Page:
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North Corridor Rail Demonstration Project Proposed

Transit Corridors on Major
Streets Is Not a Good Idea
Reports in the local media and from CATS indicate most of the consideration for locating light rail or busway corridors seems to be centered around placing them in or alongside major city thoroughfares. For example, the Southeast/Matthews Corridor is now focusing on running a busway or light rail directly upon either Independence Boulevard or Monroe Road.

The problem with directing all our attention on building these transit corridors on city streets is that it ignores the opportunities that using existing rail corridors offers. We are not making this mistake along the South Corridor where we are taking full advantage of incorporating the existing rail corridor into a new light rail line from uptown all the way to Pineville. Why are we now talking about doing just the opposite on three of the remaining corridors?

For example, the 200 foot wide CSX/Duke Energy right-of-way south of Pecan Street parallels most of the proposed Southeast Corridor, and in most places is wider than the right-of-way now in the planning stages for the South Corridor. Yet it has been consistently ignored by our transit planners for a variety of reasons, none of which has convinced CEMT are completely sound. Utilizing these rail corridors could not only cut the cost of building our new rapid transit lines, it could speed up their construction. Rebuilding busy city streets will be extremely expensive and will disrupt traffic and the businesses and homes that are adjacent to those thoroughfares for many months and probably years. Operating transit vehicles such as light rail trains on these streets may cause them to run slower than would be the case if they were operated on private right-of-way.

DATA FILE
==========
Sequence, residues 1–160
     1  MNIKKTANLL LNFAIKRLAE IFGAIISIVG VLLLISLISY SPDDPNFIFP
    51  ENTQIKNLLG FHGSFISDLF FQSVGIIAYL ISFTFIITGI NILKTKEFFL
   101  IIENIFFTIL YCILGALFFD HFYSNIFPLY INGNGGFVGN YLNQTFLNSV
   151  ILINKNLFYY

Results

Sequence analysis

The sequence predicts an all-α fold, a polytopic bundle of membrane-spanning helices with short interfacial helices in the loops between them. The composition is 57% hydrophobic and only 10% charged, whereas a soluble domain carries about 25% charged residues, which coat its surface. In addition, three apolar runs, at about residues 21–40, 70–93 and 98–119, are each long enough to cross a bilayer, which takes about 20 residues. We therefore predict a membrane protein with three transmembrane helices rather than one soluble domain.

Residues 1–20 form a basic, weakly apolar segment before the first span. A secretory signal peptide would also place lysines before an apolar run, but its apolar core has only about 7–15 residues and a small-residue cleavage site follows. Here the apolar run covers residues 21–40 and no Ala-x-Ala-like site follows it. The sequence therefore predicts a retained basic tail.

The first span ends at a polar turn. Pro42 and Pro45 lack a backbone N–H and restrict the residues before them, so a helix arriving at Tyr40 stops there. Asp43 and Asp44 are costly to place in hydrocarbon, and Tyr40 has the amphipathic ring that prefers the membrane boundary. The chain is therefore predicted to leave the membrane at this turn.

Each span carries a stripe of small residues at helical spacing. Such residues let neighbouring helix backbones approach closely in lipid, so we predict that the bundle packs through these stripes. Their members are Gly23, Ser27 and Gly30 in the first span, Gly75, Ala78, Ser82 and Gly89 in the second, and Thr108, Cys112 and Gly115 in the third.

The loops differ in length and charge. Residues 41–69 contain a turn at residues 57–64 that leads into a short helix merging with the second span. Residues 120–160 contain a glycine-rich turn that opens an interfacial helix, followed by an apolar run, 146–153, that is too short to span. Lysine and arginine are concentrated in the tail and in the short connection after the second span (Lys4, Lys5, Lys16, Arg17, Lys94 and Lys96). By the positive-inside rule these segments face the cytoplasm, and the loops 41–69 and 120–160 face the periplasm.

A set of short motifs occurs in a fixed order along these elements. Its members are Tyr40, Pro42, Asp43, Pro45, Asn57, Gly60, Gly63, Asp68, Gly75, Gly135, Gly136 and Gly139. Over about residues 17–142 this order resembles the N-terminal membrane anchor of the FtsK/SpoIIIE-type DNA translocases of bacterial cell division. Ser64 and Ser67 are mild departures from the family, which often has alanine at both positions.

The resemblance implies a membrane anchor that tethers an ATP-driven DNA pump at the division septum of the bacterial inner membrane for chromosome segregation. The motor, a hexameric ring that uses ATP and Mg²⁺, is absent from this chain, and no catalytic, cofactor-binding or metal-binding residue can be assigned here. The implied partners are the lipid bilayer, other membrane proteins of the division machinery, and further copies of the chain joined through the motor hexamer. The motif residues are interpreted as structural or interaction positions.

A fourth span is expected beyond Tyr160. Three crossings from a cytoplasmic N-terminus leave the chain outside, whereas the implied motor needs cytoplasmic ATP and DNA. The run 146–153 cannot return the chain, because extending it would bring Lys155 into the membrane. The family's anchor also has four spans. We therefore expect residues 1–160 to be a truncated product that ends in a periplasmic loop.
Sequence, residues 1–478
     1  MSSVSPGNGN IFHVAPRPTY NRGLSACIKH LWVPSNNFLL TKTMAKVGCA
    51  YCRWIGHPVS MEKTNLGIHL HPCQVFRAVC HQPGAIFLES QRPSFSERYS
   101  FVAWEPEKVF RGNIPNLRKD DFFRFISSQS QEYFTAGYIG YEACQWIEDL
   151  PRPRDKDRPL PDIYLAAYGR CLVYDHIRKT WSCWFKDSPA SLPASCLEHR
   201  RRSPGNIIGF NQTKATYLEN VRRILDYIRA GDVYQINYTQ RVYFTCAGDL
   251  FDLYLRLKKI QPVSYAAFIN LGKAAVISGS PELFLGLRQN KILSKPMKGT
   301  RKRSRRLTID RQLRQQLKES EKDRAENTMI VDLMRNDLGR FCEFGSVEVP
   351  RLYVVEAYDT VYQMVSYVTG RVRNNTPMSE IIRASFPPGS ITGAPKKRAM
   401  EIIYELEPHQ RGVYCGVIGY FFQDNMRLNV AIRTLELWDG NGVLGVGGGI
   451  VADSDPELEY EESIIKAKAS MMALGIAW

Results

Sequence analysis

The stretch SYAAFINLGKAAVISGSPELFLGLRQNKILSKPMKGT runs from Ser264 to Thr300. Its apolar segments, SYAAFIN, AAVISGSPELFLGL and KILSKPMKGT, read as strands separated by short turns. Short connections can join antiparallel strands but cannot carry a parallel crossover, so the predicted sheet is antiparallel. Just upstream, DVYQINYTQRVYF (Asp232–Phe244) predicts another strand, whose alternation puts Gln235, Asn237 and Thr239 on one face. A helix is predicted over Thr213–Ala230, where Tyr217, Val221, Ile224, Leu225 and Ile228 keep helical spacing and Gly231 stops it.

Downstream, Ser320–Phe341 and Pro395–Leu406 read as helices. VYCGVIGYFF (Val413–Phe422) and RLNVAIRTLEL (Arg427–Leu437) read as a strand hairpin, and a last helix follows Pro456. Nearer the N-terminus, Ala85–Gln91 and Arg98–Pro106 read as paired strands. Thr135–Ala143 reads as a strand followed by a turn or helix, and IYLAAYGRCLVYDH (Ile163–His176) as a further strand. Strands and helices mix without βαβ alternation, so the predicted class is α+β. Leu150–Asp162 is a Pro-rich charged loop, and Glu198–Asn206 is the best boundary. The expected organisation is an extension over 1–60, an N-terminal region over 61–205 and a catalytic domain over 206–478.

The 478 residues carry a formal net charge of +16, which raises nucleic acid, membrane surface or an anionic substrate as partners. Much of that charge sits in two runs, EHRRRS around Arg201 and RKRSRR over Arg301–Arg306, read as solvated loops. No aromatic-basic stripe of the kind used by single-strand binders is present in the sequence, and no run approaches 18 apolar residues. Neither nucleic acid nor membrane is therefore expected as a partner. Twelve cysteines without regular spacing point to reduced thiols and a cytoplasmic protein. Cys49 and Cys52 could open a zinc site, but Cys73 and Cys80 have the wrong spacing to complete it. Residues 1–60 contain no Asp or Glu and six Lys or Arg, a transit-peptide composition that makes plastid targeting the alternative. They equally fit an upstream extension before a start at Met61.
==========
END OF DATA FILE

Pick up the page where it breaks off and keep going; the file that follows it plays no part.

There is another side to the story however that CEMT would be unfair not to mention. Urban planners and developers like the idea of putting transit lines on the street from the standpoint of urban development or redevelopment opportunities. We need to be careful in putting too much emphasis on rapid transit as the sole tool of redevelopment. CATS should not be expected to make this kind of investment before detailed plans and firm investment in these urban communities has been put in place. Transit can not be expected to do it alone!

Letís not turn our back on the idea of utilizing existing rail corridors for future light rail. Many cities that have already built light rail would have given anything to have had these rail corridors available. Unfortunately most of them were not so lucky and therefore spent far more building their systems. The South Corridor should be our example for future Charlotte transit corridors.

February, 2001